In an interview in this month’s Wizard magazine, Watchmen director Zack Snyder talks about how he almost didn’t want to take on the difficult task of adapting the legendary comic series into a film because he “was too scared of the baggage that it had.”
He explained that when he heard that that Warners was dead set on making a Watchmen movie, and that they were going to update the story to make it “modern and super-cool” that he decided he would shoulder the responsibility of the project. He felt the studio misunderstood what they had with Watchmen, thinking it was standard superhero fare.
It's not a movie. It's something else. Sure, it's a story. A guy gets murdered and we have to find out who killed him and why. But it's also so much more. Comic books and comic book heroes used to be counterculture. People who read comic books were on the fringe, and then Hollywood sort of hijacked the superhero and now…superheroes are the man. They're corporate America. That's just the way it is. Spider-Man is a f---ing Happy Meal. That's all there is to it, and he generates tons of revenue. It's the same with Batman. I don't care how dark he is. He's still part of the machine.
Snyder also explained, very directly how Watchmen was different, and that he hoped that in the least, his adaptation would bring awareness to the original comic series to an audience that likely had never heard of it before.
Watchmen" says, "F--- the man." That's what it is and that's what it does. In every way it does that. It's counter-intuitive to a superhero movie in every way. There's no way that you have any idea where this movie is going. If you don't know the book, you're going to be like, "What the f---? What is this? Why?" I said, "If I can do a two-hour advertisement for the book, then I've succeeded." I'm not trying to replace the book. I couldn't. If I wanted to do that it would be a mistake. But I think if I can get people going, "Yeah, I have to check that out because this movie was awesome. I want to see what everyone is talking about."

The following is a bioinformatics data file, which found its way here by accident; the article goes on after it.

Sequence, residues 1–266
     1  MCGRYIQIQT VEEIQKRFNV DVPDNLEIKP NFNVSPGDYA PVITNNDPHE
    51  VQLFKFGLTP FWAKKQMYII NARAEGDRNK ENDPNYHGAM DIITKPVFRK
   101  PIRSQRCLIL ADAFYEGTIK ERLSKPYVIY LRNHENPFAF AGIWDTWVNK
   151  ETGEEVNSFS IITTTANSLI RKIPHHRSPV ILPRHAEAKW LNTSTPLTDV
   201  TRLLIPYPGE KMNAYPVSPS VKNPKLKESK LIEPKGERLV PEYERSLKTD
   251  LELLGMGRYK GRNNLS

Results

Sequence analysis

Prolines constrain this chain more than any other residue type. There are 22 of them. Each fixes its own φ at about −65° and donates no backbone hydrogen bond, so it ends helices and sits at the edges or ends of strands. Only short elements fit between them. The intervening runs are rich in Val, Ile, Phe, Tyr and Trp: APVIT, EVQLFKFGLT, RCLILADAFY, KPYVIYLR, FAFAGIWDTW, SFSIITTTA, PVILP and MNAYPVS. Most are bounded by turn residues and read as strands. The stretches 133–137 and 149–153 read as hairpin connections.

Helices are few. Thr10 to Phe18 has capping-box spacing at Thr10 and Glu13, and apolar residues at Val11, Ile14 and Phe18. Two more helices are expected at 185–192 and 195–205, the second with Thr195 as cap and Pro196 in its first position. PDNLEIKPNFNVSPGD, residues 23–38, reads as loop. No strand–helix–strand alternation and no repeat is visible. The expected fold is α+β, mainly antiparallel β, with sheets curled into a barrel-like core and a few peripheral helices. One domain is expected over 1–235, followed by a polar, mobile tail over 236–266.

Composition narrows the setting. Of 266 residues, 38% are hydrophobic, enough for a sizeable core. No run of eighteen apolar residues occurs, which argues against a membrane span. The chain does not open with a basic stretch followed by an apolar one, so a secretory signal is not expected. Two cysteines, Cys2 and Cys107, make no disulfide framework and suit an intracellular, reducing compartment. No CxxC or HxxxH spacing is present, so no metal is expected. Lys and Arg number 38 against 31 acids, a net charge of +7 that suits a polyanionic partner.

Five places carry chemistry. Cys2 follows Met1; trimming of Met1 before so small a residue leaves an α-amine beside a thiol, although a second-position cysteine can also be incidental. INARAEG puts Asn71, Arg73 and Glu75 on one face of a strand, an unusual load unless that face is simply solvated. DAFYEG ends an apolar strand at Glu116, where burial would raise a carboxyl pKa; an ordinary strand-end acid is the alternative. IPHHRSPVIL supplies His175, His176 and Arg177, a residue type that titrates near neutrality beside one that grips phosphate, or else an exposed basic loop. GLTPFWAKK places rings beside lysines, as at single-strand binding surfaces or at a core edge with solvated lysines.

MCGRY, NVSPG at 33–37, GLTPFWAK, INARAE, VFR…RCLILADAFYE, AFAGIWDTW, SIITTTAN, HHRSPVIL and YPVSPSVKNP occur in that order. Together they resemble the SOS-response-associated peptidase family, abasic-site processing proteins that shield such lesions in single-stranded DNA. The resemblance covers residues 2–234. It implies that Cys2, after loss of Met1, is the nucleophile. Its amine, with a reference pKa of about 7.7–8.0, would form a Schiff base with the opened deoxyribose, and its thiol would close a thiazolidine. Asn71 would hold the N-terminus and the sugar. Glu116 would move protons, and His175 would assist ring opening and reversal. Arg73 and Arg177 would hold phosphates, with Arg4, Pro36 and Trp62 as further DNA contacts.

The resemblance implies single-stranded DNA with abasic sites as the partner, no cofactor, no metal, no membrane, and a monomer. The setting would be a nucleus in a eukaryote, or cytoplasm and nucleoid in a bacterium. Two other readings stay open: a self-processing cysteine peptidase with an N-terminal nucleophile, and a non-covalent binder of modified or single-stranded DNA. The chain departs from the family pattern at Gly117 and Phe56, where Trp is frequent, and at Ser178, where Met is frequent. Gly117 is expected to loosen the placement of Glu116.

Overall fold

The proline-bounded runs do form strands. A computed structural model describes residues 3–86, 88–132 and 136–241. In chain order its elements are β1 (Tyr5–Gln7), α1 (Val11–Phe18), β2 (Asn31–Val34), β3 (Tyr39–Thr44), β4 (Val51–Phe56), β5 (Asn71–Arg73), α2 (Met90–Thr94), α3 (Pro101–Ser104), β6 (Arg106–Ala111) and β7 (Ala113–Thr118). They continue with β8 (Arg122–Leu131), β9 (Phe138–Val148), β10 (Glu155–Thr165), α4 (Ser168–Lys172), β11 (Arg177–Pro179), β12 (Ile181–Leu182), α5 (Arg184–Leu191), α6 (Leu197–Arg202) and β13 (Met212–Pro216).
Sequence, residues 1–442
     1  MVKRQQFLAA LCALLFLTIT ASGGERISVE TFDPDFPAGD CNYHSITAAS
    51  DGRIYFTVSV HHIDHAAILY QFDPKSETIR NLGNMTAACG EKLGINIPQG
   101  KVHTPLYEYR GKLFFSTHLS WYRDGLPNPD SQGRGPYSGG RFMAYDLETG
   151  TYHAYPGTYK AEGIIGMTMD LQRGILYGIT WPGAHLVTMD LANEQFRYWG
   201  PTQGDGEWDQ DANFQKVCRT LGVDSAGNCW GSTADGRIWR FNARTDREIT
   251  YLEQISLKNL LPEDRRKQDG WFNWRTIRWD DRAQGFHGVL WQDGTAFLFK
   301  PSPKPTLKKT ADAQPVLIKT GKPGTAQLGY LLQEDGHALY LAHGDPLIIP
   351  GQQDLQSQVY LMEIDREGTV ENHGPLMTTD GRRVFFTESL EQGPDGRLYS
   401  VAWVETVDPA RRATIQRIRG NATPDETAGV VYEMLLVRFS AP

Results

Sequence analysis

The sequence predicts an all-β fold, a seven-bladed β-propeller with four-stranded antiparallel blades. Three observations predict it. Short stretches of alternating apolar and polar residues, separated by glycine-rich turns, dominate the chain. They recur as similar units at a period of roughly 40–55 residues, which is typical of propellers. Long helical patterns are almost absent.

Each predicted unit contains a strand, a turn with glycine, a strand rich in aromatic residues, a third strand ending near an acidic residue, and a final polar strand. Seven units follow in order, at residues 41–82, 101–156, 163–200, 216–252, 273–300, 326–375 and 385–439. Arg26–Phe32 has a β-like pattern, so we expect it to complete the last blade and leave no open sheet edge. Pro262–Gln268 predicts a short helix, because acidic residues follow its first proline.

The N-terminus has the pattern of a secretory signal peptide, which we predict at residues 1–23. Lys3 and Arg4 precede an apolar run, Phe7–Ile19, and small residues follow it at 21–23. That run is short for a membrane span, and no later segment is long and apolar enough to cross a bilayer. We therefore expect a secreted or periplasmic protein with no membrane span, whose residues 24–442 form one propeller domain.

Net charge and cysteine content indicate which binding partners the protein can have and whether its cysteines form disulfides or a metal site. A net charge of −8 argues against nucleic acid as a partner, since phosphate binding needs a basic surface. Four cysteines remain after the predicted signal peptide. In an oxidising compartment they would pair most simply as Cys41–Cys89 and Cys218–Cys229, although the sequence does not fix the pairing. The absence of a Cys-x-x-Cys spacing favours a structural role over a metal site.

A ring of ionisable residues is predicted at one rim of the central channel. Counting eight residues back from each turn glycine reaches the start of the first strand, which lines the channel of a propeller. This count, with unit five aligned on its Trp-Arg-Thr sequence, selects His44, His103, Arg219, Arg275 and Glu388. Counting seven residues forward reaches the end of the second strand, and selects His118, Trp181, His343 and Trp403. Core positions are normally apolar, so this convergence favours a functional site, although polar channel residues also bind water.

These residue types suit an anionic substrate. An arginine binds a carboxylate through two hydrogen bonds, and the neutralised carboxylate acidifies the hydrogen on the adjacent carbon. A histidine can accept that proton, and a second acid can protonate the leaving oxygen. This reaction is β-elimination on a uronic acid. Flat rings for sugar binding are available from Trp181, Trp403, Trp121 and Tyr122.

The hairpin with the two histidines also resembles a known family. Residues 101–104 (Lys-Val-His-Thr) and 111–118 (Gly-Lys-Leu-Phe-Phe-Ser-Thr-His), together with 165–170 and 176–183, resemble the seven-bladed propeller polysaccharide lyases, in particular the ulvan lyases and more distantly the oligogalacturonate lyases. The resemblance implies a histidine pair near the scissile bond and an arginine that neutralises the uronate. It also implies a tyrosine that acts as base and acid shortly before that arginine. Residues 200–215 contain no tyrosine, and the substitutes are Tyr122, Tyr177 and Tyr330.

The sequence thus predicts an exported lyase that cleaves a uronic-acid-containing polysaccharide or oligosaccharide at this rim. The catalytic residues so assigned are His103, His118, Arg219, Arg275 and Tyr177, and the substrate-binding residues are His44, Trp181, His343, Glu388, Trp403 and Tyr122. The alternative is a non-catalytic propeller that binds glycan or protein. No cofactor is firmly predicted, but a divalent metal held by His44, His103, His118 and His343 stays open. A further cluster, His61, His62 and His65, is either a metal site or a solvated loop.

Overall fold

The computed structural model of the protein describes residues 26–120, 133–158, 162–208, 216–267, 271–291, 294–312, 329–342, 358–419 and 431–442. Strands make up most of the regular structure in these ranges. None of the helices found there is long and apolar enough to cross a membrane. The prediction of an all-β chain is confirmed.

Snyder also got into the reasons why he felt the film never got off the ground in the past, blaming it on studios watering down or removing the darker aspects of the Watchmen story in order to make it fit into the typical superhero format.
I guess my point is that, you asked me why the movie hasn't worked in the past, and I think that's part of the reason why it's been so difficult. This movie without the irony or the irreverence…because you can imagine where [Nite-Owl] can't have a scene where he can't get it up, that's got to be out of the movie, right? The Comedian can't rape anyone. That's not cool as a superhero. How are we supposed to feel about him? You can't just kill a pregnant woman, but those are the things that he has to do. He has to do those things. If he doesn't do those things, he's just a superhero. He's like The Punisher.
Snyder also explained that the genre deconstruction that is inherent in Watchmen's story can be understood by general audiences, now more then ever, since comic book movies have become part of the pop culture vocabulary.
Yeah, because now they know rules. You can break them now, where before they didn't know the rules because there were no rules.
9.4.08 Source: Wizard
Talk about this story in the WatchmenComicMovie.com Forum